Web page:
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  1. #1
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    Exclamation [EN] Association of Facebook Use With Compromised Well-Being

    Holly B. Shakya, Nicholas A. Christakis
    American Journal of Epidemiology (2017) 185 (3): 203-211.
    DOI: https://doi.org/10.1093/aje/kww189

    Abstract

    Face-to-face social interactions enhance well-being. With the ubiquity of social media, important questions have arisen about the impact of online social interactions. In the present study, we assessed the associations of both online and offline social networks with several subjective measures of well-being. We used 3 waves (2013, 2014, and 2015) of data from 5,208 subjects in the nationally representative Gallup Panel Social Network Study survey, including social network measures, in combination with objective measures of Facebook use. We investigated the associations of Facebook activity and real-world social network activity with self-reported physical health, self-reported mental health, self-reported life satisfaction, and body mass index. Our results showed that overall, the use of Facebook was negatively associated with well-being. For example, a 1-standard-deviation increase in “likes clicked” (clicking “like” on someone else's content), “links clicked” (clicking a link to another site or article), or “status updates” (updating one's own Facebook status) was associated with a decrease of 5%–8% of a standard deviation in self-reported mental health. These associations were robust to multivariate cross-sectional analyses, as well as to 2-wave prospective analyses. The negative associations of Facebook use were comparable to or greater in magnitude than the positive impact of offline interactions, which suggests a possible tradeoff between offline and online relationships.


    Published by Oxford University Press on behalf of the Johns Hopkins Bloomberg School of Public Health.

    https://academic.oup.com/aje/article...dFrom=fulltext

  2. #2
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    A New, More Rigorous Study Confirms: The More You Use Facebook, the Worse You Feel

    Holly B. ShakyaNicholas A. Christakis
    April 10, 2017

    The average Facebook user spends almost an hour on the site every day, according to data provided by the company last year. A Deloitte survey found that for many smartphone users, checking social media apps are the first thing they do in the morning – often before even getting out of bed. Of course, social interaction is a healthy and necessary part of human existence. Thousands of studies have concluded that most human beings thrive when they have strong, positive relationships with other human beings.

    The challenge is that most of the work on social interaction has been conducted using “real world,” face-to-face social networks, in contrast to the types of online relationships that are increasingly common. So, while we know that old-fashioned social interaction is healthy, what about social interaction that is completely mediated through an electronic screen? When you wake up in the morning and tap on that little blue icon, what impact does it have on you?

    Prior research has shown that the use of social media may detract from face-to-face relationships, reduce investment in meaningful activities, increase sedentary behavior by encouraging more screen time, lead to internet addiction, and erode self-esteem through unfavorable social comparison. Self-comparison can be a strong influence on human behavior, and because people tend to display the most positive aspects of their lives on social media, it is possible for an individual to believe that their own life compares negatively to what they see presented by others. But some skeptics have wondered if perhaps people with lower well-being are more likely to use social media, rather than social media causing lower well-being. Moreover, other studies have found that social media use has a positive impact on well-being through increased social support and reinforcement of real world relationships.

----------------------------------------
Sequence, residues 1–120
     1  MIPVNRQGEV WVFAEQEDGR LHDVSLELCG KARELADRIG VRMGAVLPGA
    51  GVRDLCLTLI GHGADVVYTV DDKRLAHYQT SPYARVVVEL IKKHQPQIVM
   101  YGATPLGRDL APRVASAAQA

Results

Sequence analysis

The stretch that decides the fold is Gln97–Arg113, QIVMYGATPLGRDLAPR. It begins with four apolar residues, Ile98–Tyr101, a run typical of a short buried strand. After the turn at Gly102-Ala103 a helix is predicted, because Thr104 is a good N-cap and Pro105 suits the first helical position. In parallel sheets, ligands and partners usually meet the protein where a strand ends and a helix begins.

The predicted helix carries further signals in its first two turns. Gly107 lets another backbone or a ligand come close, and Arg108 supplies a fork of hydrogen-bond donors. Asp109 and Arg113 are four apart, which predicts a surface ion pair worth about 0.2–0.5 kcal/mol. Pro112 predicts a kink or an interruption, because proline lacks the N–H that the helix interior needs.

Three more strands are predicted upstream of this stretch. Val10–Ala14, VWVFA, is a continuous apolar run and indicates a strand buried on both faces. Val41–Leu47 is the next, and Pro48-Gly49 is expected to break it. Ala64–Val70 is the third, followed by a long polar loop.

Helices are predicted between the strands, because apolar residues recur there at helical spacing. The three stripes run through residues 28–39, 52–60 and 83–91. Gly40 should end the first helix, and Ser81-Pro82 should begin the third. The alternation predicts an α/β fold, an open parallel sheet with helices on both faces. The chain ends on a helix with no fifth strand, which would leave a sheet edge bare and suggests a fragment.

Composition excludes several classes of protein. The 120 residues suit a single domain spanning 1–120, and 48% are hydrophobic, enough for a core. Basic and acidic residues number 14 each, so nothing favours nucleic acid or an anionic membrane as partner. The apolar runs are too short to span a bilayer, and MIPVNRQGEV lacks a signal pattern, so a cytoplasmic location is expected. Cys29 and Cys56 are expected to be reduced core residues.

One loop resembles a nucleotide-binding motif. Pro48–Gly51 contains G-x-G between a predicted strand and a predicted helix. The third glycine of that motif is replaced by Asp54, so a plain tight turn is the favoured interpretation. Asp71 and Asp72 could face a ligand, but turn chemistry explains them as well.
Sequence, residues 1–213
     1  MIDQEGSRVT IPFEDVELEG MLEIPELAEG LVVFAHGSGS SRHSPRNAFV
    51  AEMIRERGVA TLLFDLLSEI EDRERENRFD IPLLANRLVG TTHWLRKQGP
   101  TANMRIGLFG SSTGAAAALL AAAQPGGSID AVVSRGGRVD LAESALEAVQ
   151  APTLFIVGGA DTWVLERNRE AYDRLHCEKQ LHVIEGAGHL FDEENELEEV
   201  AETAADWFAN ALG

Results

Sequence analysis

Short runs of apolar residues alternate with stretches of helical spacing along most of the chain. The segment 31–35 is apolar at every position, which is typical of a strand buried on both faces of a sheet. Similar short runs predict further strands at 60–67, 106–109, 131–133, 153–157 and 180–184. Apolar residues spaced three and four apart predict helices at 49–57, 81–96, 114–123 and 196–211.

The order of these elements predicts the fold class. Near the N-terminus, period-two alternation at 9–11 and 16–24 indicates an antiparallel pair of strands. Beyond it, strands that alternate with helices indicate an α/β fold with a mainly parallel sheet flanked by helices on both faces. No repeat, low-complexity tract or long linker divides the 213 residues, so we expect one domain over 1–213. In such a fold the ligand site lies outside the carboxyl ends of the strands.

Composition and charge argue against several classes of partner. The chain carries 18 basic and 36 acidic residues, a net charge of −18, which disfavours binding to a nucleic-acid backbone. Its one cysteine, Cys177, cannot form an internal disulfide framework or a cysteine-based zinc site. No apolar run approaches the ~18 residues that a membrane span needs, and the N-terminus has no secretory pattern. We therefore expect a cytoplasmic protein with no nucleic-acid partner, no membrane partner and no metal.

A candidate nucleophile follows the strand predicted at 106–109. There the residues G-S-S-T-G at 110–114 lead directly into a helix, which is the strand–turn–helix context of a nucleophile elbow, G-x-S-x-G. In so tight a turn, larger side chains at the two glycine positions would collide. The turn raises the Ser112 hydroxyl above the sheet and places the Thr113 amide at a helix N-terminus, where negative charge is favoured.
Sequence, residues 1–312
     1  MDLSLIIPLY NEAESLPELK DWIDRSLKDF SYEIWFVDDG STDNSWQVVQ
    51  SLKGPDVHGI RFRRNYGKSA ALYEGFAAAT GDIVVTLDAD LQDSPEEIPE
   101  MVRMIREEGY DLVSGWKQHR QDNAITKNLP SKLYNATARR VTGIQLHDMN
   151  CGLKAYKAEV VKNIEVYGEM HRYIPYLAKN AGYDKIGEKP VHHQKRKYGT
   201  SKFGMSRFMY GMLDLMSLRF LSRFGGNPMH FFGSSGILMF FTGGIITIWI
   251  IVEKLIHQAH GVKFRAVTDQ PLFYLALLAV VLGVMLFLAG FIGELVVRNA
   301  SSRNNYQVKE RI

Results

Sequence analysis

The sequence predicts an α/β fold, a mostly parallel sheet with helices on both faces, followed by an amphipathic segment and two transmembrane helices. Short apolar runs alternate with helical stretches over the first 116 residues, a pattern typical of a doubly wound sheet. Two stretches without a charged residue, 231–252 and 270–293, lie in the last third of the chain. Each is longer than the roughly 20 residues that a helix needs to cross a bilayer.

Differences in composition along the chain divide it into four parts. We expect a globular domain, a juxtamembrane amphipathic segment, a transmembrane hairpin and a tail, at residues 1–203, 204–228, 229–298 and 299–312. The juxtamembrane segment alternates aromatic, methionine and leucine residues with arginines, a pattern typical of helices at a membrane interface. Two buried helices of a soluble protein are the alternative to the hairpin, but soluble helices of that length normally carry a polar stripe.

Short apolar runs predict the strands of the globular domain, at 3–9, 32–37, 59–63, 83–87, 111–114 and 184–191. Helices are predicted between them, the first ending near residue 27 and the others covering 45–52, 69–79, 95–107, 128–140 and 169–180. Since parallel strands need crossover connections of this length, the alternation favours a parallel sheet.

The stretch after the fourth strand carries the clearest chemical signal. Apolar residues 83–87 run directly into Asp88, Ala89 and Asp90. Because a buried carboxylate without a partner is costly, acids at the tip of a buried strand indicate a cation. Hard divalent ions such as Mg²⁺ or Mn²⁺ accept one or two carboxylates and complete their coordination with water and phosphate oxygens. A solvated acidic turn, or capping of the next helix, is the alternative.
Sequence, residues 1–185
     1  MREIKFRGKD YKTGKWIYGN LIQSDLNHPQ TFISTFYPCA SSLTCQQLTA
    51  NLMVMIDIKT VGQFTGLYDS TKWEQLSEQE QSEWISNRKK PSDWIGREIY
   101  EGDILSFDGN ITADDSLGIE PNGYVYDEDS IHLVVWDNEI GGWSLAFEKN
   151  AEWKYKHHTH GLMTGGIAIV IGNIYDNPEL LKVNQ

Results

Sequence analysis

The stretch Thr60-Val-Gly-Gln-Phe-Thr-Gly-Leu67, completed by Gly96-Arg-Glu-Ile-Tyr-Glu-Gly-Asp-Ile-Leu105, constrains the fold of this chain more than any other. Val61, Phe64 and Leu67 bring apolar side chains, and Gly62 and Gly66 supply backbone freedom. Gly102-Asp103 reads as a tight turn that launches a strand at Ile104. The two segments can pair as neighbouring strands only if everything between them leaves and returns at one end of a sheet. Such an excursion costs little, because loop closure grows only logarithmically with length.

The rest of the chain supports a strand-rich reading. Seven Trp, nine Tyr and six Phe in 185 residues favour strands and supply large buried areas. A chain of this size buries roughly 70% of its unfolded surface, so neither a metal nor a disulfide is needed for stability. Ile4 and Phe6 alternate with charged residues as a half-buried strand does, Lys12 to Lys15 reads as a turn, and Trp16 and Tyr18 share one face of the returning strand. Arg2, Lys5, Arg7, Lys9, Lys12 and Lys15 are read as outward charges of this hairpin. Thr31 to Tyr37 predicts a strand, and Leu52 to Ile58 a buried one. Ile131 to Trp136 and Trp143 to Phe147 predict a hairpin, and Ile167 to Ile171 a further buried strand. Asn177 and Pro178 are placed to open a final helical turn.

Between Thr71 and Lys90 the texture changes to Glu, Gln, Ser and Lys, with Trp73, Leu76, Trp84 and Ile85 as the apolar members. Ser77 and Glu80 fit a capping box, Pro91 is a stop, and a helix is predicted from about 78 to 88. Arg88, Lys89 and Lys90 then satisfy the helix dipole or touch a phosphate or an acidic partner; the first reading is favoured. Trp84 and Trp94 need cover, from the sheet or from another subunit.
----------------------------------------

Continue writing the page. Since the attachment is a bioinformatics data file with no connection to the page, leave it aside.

We wanted to get a clearer picture of the relationship between social media use and well-being. In our study, we used three waves of data from 5,208 adults from a national longitudinal panel maintained by the Gallup organization, coupled with several different measures of Facebook usage, to see how well-being changed over time in association with Facebook use. Our measures of well-being included life satisfaction, self-reported mental health, self-reported physical health, and body-mass index (BMI). Our measures of Facebook use included liking others’ posts, creating one’s own posts, and clicking on links. We also had measures of respondents’ real-world social networks. In each wave, respondents were asked to name up to four friends with whom they discuss important matters and up to four friends with whom they spend their free time, so that each participant could name up to a total of eight unique individuals.

    Our approach had three strengths that set it apart from most of the previous work on the topic. First, we had three waves of data for many of our respondents over a period of two years. This allowed us to track how changes in social media use were associated with changes in well-being. Most studies done to date only use one period of data, limiting interpretations of conclusions to simple associations. Second, we had objective measures of Facebook use, pulled directly from participants’ Facebook accounts, rather than measures based on a person’s self-report. Third, in addition to the Facebook data, we had information regarding the respondents’ real-world social networks, which would allow us to directly compare the two influences (face-to-face networks and online interactions). Of course, our study has limitations too, including that we could not be certain about how fully representative it was because not everyone in the Gallup sample allowed us access to their Facebook data.

    Overall, our results showed that, while real-world social networks were positively associated with overall well-being, the use of Facebook was negatively associated with overall well-being. These results were particularly strong for mental health; most measures of Facebook use in one year predicted a decrease in mental health in a later year. We found consistently that both liking others’ content and clicking links significantly predicted a subsequent reduction in self-reported physical health, mental health, and life satisfaction.